Publication I April 28, 2022

Highly shape- and size-tunable membrane nanopores made with DNA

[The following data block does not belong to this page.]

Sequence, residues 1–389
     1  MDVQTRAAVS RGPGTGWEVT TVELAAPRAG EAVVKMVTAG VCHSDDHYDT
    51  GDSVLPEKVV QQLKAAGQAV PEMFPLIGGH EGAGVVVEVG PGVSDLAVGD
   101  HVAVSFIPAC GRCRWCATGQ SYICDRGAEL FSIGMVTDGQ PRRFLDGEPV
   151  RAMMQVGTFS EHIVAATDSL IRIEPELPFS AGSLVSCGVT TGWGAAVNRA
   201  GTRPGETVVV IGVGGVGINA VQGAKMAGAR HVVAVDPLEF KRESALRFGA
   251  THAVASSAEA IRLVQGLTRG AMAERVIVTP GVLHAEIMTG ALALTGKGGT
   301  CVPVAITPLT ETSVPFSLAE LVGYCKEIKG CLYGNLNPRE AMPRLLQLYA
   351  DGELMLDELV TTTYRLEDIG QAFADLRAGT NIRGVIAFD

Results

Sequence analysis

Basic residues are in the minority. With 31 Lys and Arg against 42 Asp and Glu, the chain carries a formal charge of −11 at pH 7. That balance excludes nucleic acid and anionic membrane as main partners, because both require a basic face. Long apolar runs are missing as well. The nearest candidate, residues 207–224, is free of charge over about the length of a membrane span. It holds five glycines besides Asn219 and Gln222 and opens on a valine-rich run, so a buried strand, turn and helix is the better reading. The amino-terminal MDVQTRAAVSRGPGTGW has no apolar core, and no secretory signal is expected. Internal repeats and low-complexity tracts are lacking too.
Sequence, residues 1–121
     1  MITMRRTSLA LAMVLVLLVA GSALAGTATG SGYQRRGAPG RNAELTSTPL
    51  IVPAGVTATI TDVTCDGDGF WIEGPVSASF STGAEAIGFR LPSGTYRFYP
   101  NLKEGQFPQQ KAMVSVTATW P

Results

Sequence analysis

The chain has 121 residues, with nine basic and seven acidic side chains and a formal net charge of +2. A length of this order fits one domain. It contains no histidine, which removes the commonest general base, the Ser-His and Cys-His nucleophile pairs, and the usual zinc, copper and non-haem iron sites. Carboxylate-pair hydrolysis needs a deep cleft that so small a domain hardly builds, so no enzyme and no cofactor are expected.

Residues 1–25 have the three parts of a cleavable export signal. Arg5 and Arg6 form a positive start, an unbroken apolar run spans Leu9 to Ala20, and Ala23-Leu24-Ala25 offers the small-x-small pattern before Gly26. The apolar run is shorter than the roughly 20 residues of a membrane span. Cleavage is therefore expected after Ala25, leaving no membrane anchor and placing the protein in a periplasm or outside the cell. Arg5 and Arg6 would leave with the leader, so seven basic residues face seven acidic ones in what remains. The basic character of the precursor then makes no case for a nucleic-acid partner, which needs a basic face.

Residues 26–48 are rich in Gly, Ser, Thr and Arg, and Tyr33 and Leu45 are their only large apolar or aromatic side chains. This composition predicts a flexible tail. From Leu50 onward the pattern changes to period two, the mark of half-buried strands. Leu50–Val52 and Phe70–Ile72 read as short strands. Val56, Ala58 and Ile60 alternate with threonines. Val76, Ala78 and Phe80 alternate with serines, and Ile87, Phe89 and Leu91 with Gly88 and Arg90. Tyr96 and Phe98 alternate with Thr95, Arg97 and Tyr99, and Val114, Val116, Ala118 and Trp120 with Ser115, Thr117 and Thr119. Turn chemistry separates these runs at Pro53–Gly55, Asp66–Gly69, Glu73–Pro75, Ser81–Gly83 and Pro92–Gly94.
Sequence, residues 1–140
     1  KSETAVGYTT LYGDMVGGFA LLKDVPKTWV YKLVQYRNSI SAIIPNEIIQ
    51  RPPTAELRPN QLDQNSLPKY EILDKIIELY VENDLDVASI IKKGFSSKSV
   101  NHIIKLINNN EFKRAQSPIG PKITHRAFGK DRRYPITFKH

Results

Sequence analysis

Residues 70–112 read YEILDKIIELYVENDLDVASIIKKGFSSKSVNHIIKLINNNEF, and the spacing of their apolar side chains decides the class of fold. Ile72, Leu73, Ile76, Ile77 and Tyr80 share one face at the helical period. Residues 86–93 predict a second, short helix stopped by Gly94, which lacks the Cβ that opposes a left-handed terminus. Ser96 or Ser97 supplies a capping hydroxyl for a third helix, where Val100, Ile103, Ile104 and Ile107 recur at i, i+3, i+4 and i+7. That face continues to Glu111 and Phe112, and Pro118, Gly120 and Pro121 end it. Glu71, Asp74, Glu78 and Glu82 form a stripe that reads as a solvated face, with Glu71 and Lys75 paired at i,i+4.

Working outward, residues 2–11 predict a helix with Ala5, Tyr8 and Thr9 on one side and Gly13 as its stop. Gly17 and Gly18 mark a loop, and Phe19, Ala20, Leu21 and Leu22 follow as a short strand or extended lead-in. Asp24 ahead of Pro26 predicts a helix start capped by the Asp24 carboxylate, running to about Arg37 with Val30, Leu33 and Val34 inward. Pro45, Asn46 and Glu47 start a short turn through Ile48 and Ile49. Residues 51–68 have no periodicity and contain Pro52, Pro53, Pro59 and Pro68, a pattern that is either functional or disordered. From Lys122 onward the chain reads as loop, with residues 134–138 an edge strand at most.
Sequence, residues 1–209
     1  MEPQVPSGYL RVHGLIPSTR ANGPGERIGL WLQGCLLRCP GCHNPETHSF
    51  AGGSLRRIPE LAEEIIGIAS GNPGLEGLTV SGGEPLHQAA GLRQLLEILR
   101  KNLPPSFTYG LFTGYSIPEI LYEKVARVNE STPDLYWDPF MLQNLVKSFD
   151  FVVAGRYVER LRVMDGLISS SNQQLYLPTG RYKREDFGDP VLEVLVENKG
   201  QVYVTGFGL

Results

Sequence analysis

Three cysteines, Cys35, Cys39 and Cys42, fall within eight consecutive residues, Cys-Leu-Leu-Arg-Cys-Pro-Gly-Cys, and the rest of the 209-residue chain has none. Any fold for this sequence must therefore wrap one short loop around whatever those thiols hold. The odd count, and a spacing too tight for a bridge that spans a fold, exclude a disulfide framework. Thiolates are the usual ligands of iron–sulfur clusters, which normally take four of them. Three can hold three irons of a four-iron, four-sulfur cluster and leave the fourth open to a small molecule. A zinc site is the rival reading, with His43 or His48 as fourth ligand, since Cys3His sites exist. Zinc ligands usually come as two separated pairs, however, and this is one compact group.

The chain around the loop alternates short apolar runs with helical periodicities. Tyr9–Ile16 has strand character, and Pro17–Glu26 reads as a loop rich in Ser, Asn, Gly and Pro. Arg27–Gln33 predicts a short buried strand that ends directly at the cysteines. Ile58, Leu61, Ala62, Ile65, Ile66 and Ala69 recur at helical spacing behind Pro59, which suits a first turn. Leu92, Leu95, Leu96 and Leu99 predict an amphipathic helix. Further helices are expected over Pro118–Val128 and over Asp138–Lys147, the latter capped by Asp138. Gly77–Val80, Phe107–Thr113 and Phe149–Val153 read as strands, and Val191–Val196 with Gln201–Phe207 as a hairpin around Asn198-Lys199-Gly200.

Membrane nanopores are key for molecular transport in biology, portable DNA sequencing1,2,3,4, label-free single-molecule analysis5,6,7,8,9,10,11,12,13,14 and nanomedicine5. Transport traditionally relies on barrel-like channels of a few nanometres width, but there is considerable scientific and technological interest for much wider structures of tunable shape. Yet, these nanopores do not exist in nature and are challenging to build using existing de novo routes for proteins10,15,16,17. Here, we show that rational design with DNA can drastically expand the structural and functional range of membrane nanopores. Our design strategy bundles DNA duplexes into pore subunits that modularly arrange to form tunable pore shapes and lumen widths of up to tens of nanometres. Functional units for recognition or signalling can be optionally attached. By dialling in essential parameters, we demonstrate the utility and potential of the custom-engineered nanopores by electrical direct single-molecule sensing of 10-nm-sized proteins using widely used research and hand-held analysis devices. The designer nanopores illustrate how DNA nanotechnology can deliver functional biomolecular structures to be used in synthetic biology, single-molecule enzymology and biophysical analysis, as well as portable diagnostics and environmental screening.